liquor traffic This W. A. Stone said
was an outgrowth of a local fight in
South Carolina, in which the courts had
made a decision, and was not a proper
matter for consideration by the house.
He objected to its consideration.
Dingley, from the committee on ways
and means, presented a favorable report
on joint resolution providing that for
eign'exhibitors at the Omaha exposition
in 1898 may bring to this country
laborers to prepare and have charge of
exhibits. Two amendments provide
that the secretary of the treasury shall
fix the number of laborers to enter the
country, and they shall leave the Uni
ted States within three months of the
termination of the exposition.
Their Plot Frustrated.
San Francisco, June 28. -Twice
each day Convict-William Prekie, serv
ing a sentence at Folsom, is triced up
by his thumbs. He is also on a bread
and water diet. This treatment has
been resorted to in order to force Prekie
to tell the prison officials where a num
ber of firearms that were to have been
used in an attempt to escape from
prison are concealed. -
The prisoners besides Prekie involved
in the attempted break for freedom are
Robert Kelly, who when sent to San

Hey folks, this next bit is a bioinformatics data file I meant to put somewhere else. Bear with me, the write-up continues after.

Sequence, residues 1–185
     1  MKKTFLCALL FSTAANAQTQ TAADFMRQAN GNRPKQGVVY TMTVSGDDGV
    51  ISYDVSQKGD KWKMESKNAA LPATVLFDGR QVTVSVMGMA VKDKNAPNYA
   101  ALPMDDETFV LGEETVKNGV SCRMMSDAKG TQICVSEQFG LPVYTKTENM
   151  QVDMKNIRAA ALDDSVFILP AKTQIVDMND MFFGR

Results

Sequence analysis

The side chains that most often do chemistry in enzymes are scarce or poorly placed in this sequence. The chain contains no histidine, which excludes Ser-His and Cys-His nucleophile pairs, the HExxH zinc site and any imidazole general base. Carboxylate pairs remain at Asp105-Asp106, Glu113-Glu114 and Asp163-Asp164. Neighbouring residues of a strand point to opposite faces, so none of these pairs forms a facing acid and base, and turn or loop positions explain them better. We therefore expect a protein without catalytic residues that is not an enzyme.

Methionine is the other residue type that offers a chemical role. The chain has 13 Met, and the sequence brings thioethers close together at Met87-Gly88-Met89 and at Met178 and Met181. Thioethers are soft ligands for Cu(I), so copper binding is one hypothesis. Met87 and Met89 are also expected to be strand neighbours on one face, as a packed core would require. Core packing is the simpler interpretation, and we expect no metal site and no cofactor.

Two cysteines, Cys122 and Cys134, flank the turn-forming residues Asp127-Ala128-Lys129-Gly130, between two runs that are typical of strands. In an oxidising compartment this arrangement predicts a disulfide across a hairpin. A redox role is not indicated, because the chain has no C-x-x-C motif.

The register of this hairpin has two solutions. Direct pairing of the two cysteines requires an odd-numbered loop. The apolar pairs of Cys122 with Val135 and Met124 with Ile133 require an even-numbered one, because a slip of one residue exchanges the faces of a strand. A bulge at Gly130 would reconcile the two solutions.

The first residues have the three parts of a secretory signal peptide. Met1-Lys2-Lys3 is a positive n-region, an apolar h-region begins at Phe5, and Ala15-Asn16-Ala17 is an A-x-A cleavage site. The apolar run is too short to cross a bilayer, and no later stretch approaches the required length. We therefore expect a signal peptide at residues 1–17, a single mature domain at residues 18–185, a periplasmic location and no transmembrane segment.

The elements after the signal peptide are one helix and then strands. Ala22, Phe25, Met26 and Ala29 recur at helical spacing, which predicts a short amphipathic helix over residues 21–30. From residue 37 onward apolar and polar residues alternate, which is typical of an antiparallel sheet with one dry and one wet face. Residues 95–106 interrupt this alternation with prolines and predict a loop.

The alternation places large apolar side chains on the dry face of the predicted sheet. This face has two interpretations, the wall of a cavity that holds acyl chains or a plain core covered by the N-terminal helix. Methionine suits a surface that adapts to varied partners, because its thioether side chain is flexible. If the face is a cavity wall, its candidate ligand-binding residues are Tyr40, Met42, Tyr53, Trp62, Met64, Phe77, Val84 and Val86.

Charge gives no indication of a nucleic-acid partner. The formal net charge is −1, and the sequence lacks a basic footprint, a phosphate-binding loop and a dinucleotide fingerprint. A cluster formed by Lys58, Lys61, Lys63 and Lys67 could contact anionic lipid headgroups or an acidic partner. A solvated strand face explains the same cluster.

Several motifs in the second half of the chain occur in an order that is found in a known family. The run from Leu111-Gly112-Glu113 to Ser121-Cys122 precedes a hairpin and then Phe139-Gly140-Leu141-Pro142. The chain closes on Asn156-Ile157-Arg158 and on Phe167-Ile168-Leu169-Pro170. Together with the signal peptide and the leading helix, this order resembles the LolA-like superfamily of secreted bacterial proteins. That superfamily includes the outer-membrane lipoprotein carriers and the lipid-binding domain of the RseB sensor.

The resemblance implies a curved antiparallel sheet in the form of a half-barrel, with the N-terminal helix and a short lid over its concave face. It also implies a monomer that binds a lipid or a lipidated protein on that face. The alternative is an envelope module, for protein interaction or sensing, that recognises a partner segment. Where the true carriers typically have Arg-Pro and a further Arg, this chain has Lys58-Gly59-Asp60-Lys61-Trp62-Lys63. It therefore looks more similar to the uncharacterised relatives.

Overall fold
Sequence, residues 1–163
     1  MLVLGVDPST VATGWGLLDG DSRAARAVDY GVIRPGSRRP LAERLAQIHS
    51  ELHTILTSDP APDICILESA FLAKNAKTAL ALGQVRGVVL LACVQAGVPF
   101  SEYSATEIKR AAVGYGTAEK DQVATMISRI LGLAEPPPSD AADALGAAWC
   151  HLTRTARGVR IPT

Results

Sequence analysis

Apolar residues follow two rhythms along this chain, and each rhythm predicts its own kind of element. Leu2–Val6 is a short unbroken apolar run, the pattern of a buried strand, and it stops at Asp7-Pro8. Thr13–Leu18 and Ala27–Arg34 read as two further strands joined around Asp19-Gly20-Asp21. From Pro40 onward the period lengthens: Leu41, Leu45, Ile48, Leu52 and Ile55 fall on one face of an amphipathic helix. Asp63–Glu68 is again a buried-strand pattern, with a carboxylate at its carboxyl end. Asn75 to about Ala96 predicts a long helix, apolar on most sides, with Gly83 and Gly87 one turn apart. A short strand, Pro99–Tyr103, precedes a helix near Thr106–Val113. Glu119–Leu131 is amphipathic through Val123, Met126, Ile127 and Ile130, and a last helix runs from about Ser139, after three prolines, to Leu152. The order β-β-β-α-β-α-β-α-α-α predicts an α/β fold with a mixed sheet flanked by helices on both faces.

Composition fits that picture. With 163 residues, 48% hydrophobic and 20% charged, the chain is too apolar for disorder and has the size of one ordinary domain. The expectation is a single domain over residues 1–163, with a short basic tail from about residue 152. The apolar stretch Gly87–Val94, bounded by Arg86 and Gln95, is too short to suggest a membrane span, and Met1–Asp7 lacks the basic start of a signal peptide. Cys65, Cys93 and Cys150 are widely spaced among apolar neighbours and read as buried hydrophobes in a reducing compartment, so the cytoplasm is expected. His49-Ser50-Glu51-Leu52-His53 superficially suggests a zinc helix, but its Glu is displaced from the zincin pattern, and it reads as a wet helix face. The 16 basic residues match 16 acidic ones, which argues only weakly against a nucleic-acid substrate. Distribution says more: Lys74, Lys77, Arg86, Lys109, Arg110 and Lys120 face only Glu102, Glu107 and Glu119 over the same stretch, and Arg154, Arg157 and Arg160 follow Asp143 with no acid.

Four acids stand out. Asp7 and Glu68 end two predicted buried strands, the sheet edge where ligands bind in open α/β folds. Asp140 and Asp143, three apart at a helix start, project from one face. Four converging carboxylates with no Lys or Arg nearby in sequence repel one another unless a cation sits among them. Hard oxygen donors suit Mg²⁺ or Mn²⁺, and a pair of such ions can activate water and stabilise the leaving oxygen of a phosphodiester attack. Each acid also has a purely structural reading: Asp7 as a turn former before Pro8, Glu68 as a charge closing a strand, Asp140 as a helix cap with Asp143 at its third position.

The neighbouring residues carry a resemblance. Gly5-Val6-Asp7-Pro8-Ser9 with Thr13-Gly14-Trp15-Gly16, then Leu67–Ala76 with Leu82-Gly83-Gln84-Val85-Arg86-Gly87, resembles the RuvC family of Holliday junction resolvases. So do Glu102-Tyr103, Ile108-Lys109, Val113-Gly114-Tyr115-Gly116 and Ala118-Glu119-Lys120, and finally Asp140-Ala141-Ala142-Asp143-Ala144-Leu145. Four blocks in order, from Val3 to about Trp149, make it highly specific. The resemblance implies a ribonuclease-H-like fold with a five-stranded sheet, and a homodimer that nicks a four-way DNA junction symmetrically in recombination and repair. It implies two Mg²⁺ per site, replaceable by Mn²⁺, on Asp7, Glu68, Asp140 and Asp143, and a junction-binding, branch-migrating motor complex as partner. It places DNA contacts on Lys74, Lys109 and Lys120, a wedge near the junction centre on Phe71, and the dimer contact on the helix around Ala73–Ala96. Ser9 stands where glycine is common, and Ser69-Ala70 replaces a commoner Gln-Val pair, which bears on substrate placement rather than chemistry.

Quentin for burglary murdered a fellow
convict, for which he was sentenced to
80 years and transferred to Folsom;
John Wilson, alias "Shy "Red," one of
the most desperate of criminals, sent
from this city to serve 40 years for
burglary, and James Morton.
The men arranged to dig into the
yard from a dungeon, seize a number
of guns that had been caohed by sym
pathizers and fight their way to free
dom, but the warden' obtained knowl
edge of the plot.
' - Earthquake In Mexico.
Oaxaca, Mexico, June 28. Earth
quake shocks and heavy rains have
seriously interrupted telegraph commu
nication With the isthmus of Tehaunte
pec during the last three days.
Advices were received here last night
that the official commission sent to the
city of Tehauntepeo . by President Diaz
to investigate the reported formation of
a volcano and the extent of the earth
quake damages, has arrived at its desti
nation and found the condition of
affairs much worse than they had ex
pected. The town of Tehauntepeo con
tained about 15,000 inhabitants, and is